Until quite recently it was a little know fact that the creator of perhaps the worlds most famous villain was an Irishman from Clontarf in Dublin.
Bram Stoker was born in 1847 to Dubliner Abraham Stoker and Donegal native Charlotte Mathilda Blake Thornley. The third of seven children the young Bram Stoker was bed-ridden for much of his first seven years, a period that gave him much opportunity for reflection and creative thought:
‘I was naturally thoughtful, and the leisure of long illness gave opportunity for many thoughts which were fruitful according to their kind in later years.’
He recovered from his ill-health and went on to excel as an athlete at Trinity College from where he graduated with honours in the field of Mathematics in the year 1870. As president of the University Philosophical Society his first paper was on ‘Sensationalism in Fiction and Society’. He became the Theatre critic for the Dublin newspaper ‘The Evening Mail’, which was co-owned by the author of many Gothic tales, Joseph Sheridan Le Fanu, and who was the leading ghost-story writer of the nineteenth century.
In 1878 he married Dubliner Florence Balcombe who had previously been courted by Oscar Wilde. Stoker knew Oscar Wilde from his College days and even visited Wilde on the continent after his exile. The family moved to London where Stoker became manager of the Lyceum Theatre, a position he held for 27 years. The Theatre was most associated with Henry Irving who was a famed actor of the classical variety. Stoker was very active in the literary and artistic community in London at the time, meeting with the likes of Sir Arthur Conan Doyle, to whom he was distantly related. But it was to Irving that Stoker was devoted and it is thought that it is upon this man that he based his most famous literary creation – that of Count Dracula.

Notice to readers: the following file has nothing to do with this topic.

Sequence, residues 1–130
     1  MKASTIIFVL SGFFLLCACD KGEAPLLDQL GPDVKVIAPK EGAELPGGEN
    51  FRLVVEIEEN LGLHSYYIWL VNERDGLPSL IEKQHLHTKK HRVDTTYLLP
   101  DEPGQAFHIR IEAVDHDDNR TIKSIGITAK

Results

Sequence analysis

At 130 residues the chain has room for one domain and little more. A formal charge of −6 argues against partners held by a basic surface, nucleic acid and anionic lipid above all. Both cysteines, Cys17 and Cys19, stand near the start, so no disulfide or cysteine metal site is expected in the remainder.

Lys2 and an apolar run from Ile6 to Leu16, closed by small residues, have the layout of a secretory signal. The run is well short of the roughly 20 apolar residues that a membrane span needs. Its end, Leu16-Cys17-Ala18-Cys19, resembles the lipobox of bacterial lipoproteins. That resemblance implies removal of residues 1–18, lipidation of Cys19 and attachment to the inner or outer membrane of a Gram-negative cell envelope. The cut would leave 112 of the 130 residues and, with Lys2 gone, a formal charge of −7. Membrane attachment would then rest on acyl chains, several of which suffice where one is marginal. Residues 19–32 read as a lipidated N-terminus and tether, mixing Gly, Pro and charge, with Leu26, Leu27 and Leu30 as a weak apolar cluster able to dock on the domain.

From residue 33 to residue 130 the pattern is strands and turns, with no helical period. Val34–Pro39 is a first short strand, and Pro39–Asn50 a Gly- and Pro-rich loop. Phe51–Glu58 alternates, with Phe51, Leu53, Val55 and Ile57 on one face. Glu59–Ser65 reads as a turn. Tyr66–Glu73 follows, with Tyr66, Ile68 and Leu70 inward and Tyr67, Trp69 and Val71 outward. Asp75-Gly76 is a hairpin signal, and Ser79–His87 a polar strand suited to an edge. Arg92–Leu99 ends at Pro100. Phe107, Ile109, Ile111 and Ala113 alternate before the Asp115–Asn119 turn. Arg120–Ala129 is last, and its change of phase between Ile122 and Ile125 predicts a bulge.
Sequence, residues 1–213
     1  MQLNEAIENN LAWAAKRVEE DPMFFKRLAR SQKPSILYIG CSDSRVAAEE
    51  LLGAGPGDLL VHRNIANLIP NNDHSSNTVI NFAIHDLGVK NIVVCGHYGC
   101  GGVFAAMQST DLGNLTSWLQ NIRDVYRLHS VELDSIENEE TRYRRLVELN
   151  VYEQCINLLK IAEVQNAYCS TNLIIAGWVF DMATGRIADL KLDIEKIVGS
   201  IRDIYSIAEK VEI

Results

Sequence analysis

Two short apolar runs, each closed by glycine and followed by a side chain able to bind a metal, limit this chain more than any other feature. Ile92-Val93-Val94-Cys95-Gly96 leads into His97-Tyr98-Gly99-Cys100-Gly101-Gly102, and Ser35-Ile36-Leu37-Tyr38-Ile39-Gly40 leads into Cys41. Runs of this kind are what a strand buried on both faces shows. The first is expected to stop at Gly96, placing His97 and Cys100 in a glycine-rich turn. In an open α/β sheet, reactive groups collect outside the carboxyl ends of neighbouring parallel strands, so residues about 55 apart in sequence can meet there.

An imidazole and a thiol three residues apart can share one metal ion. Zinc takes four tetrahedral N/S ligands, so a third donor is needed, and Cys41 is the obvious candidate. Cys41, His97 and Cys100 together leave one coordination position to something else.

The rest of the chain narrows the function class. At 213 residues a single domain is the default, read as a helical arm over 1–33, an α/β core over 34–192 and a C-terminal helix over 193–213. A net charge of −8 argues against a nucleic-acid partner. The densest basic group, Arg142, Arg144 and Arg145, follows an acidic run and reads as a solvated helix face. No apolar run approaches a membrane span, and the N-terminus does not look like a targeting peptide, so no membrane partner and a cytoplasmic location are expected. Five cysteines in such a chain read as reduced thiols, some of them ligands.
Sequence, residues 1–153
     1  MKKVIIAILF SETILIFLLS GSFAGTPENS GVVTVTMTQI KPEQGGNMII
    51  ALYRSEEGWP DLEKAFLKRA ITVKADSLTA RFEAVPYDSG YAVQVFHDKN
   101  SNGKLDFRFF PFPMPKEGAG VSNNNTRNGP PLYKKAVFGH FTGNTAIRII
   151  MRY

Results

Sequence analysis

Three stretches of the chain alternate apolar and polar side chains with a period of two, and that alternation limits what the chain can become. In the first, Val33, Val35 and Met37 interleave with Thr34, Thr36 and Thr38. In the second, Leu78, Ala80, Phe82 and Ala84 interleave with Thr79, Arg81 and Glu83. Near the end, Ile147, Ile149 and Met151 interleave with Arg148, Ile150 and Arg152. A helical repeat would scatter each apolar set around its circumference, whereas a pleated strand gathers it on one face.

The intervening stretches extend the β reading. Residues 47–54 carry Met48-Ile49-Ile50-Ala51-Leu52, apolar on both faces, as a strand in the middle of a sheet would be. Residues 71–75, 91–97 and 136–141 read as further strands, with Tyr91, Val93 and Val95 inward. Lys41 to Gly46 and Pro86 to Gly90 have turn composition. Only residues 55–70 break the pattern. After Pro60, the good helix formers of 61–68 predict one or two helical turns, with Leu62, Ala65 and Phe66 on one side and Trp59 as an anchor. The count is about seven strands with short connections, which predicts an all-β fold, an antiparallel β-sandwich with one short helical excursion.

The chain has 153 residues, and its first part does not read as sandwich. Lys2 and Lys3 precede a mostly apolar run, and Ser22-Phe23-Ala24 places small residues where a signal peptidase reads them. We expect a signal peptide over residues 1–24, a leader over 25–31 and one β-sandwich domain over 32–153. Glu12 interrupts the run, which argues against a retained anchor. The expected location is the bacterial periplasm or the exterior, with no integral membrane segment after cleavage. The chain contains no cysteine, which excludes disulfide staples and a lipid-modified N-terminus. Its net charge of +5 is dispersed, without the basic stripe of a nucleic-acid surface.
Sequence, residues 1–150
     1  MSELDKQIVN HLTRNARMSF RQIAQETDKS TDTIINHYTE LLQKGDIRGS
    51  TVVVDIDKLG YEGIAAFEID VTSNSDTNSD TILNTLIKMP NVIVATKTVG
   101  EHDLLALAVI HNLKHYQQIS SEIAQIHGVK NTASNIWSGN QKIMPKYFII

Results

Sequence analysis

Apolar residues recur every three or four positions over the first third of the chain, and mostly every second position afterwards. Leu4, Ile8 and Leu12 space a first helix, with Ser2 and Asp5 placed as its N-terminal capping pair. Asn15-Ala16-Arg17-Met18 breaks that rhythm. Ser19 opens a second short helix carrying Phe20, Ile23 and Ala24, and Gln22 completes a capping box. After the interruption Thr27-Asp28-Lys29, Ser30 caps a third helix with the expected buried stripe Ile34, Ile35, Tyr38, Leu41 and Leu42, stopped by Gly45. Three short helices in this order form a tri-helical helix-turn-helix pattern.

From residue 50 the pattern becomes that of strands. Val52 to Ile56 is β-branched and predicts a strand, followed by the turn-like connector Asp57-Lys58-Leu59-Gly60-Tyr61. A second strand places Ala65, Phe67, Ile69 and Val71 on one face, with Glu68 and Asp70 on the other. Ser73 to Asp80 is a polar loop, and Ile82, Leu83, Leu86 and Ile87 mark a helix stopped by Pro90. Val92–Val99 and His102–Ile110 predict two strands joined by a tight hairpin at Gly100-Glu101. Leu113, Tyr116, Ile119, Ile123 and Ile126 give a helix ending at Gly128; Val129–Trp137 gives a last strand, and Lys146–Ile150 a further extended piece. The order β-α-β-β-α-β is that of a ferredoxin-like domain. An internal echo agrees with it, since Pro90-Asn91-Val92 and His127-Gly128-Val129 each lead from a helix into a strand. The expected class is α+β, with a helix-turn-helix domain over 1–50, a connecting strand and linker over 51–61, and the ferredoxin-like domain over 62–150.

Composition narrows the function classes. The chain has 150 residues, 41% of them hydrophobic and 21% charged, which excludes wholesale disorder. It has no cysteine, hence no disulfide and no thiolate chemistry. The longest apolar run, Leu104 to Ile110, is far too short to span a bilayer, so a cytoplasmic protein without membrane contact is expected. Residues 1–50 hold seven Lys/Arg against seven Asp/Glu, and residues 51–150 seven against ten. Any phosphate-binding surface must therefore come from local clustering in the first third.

Stoker travelled the world with the now internationally famous acting company and even attended the White House with Irving, meeting Presidents William McKinley and Theodore Roosevelt, such was his employers fame.
His experience as a newspaper writer stood him in good stead when he began his work on Dracula. Stoker was already a published writer when he began researching ancient stories about vampires. The style of the book is very much in keeping with his previous experience as a news reporter with diary entries, newspaper clippings and telegrams all adding to a sense of realism. The fact that there were so many contributors within the story added to the sense of reality. Stoker is also said to have been inspired in part by a visit to St. Michan’s Church in Dublin, the vaults of which contain many mummified remains.
It was thought that the original 541 page Dracula manuscript from 1897 was lost forever but like the subject of the novel it too had to make an epic journey. From Transylvania to Pennsylvania, the US State that is home to many a desperado in hideaways like Allenport, Seneca and Doylestown, the manuscript remained hidden for decades before being amazingly uncovered in a barn there in the early 1980’s. The original title of the novel ‘The Un-Dead’ was clearly marked on it. It was later bought by the co-founder of Microsoft, Paul Allen.
Bram Stoker died in London in 1912. While well regarded as a ghost-writer in the Victorian age it was not until the first cinematic production of a vampire in 1922 that his legacy was set forever. Stoker’s widow actually sued the German film-makers who produced Nosferatu, the first vampire movie with ‘Count Orlock’ being substituted for ‘Count Dracula’ in an attempt to breach the copyright. She won the case in 1925. The first authorized version of the story was released in 1931 with Bella Lugois as Count Dracula. Newspapers reported that members of the audiences fainted in shock at the horror on screen! The film became a box office sensation and is regarded as the first full length horror movie. It is estimated that there have been at least 200 movies featuring Dracula while a vampire subculture has blossomed among young people in particular, fuelled by countless television and silver screen productions.
It is only in recent years that a fuller appreciation of the work and impact of Bram Stoker has occurred in Ireland and beyond.
Dracula Full Text:
Mercury Theatre 1938 Radio Recording of Dracula with Orson Welles: